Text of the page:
Plans to expand storage at Detroit hazardous waste facility prompt community concerns

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DETROIT — A hazardous waste processing facility on the east side of Detroit has plans to increase its storage capabilities tenfold, raising concerns in the community.

The Michigan Department of Environmental Quality announced in July its intention to approve a new license for the US Ecology plant near the border with Hamtramck, which would allow it to increase hazardous waste storage from 64,000 gallons to nearly 666,000 gallons.

The deadline for public comments on the expansion proposal is Saturday, the Detroit Free Press reported ( ).

The facility takes in chemicals from industrial processes as well as very low-level radioactive byproducts primarily from hydraulic fracturing, or "fracking," a technique for extracting natural gas and oil from deep underground. Within a mile-and-a-half of the facility there are homes as well as a playground, two schools and several churches.

"No need to worry — that's what they say. But we don't know that," said Beverly Hayes, 48, who lives less than a half-mile from the facility, formerly owned by Dynecol, and who has six children in her home, ages 9 to 15 years. "I'm not in favor of this at all."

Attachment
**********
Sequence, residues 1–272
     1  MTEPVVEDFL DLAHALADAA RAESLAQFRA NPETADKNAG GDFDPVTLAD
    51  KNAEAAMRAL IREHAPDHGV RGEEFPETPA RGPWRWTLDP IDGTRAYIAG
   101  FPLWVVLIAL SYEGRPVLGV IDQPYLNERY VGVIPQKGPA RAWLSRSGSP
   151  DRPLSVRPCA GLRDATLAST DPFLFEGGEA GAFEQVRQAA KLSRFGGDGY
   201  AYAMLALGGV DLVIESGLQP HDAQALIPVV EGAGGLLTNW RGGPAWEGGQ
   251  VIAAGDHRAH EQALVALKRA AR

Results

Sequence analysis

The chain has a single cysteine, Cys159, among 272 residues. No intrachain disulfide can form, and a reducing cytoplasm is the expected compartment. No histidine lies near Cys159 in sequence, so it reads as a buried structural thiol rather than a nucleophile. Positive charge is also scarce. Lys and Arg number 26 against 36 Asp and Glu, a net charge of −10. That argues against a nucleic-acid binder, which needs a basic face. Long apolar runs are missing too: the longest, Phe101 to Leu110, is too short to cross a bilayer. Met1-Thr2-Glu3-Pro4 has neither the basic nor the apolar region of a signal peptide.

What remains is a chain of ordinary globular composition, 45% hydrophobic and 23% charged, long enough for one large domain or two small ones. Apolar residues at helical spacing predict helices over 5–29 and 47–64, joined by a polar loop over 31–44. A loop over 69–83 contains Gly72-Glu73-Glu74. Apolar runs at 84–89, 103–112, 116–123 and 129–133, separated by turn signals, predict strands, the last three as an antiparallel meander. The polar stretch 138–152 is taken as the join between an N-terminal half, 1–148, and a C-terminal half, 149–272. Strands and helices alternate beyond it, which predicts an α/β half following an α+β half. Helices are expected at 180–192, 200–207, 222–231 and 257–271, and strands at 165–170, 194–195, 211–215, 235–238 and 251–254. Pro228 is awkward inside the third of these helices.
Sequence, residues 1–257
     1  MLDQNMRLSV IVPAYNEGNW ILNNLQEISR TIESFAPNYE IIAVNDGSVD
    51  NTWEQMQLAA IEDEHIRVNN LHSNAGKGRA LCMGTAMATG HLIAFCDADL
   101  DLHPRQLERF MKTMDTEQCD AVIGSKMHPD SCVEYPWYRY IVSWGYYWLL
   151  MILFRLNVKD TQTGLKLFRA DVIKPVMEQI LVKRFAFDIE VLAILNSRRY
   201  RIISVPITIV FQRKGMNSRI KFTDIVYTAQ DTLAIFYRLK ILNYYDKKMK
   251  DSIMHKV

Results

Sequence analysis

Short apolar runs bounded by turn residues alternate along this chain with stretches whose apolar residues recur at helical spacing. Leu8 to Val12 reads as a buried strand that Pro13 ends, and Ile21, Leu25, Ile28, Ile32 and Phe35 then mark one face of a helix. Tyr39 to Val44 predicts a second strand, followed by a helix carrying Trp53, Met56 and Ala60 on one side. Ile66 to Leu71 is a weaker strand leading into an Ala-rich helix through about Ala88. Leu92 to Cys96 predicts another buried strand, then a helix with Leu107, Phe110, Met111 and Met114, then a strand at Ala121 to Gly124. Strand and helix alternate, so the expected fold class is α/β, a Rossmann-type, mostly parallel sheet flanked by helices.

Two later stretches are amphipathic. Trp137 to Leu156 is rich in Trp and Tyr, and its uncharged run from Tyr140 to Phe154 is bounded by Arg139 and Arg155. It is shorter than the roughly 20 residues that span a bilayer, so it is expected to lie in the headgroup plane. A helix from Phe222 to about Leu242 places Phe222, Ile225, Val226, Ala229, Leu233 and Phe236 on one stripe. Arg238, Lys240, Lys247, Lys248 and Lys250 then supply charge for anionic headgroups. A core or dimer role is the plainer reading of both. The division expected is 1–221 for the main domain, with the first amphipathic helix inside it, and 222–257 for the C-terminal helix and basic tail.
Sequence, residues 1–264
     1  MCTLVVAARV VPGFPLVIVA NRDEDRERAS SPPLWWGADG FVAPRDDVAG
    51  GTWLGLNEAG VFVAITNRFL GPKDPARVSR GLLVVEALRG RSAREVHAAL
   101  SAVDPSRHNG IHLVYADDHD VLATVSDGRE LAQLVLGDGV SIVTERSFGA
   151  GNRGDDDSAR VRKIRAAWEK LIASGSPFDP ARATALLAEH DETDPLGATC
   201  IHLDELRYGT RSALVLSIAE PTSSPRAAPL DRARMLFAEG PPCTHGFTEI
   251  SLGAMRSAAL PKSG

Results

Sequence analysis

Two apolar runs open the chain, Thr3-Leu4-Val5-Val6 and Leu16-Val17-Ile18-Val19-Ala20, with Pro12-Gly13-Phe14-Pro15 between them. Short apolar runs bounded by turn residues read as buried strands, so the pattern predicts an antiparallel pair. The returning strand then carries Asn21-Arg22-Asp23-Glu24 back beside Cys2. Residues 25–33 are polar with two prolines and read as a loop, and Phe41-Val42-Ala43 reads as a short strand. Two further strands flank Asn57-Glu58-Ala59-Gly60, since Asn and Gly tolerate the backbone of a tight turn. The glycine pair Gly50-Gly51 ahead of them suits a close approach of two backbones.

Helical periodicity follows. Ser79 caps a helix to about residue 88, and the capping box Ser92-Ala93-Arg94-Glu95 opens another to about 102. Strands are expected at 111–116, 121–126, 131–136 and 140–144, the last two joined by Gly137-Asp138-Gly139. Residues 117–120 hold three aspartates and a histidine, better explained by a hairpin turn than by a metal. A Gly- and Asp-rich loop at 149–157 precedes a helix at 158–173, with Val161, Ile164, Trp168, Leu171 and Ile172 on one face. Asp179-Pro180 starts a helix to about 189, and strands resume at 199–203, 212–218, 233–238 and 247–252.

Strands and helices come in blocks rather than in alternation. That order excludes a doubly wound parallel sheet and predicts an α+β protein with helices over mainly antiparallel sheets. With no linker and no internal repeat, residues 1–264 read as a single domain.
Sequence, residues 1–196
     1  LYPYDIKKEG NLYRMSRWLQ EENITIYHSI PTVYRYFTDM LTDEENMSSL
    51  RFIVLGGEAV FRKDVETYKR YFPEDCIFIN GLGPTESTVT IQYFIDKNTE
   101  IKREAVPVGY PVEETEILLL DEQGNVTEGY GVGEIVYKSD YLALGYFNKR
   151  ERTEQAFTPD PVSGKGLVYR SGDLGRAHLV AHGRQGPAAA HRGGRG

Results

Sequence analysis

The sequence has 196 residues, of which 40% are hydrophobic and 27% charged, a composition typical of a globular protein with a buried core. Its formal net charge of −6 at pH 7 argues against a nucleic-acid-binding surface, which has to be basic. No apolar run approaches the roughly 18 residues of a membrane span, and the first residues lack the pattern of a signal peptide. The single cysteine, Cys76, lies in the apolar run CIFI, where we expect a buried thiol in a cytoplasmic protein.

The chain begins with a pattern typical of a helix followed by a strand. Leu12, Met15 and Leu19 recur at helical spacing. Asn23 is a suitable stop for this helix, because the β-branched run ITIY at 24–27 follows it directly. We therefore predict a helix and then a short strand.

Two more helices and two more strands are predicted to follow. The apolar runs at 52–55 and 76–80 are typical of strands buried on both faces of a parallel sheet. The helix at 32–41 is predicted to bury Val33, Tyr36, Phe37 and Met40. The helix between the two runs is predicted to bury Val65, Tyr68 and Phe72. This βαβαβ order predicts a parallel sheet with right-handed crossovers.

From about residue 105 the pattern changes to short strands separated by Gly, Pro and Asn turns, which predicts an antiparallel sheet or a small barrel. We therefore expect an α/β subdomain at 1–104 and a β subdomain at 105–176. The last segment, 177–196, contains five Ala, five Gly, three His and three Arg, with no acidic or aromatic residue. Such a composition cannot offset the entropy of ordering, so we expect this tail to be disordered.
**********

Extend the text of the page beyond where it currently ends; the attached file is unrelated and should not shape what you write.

In an email, US Ecology spokesman David Crumrine said there haven't been adverse environmental impacts during the 40 years the plant has operated. The plant takes hazardous and non-hazardous, solid and liquid wastes from the automotive, steel, plating and other area industries, as well as retail waste, he said.

Waste is treated to remove or stabilize its hazards according to state and federal regulations, then shipped for disposal at offsite landfills, the newspaper said. Liquids are treated until they are safe to dispose of via the Detroit wastewater treatment plant.

"The processes we employ at the facility present virtually no risk of groundwater or soil contamination," Crumrine said, noting there are "redundant safety systems, to ensure waste material does not migrate off-site and into the water supply."

Ed McArdle, conservation chair for the nonprofit Sierra Club's Southeast Michigan group, said such a facility should not be near neighborhoods and schools.

"These are the worst, nightmare chemicals of American industry," he said. "This should be in some isolated place; not in the middle of a city like this."

Information from: Detroit Free Press,

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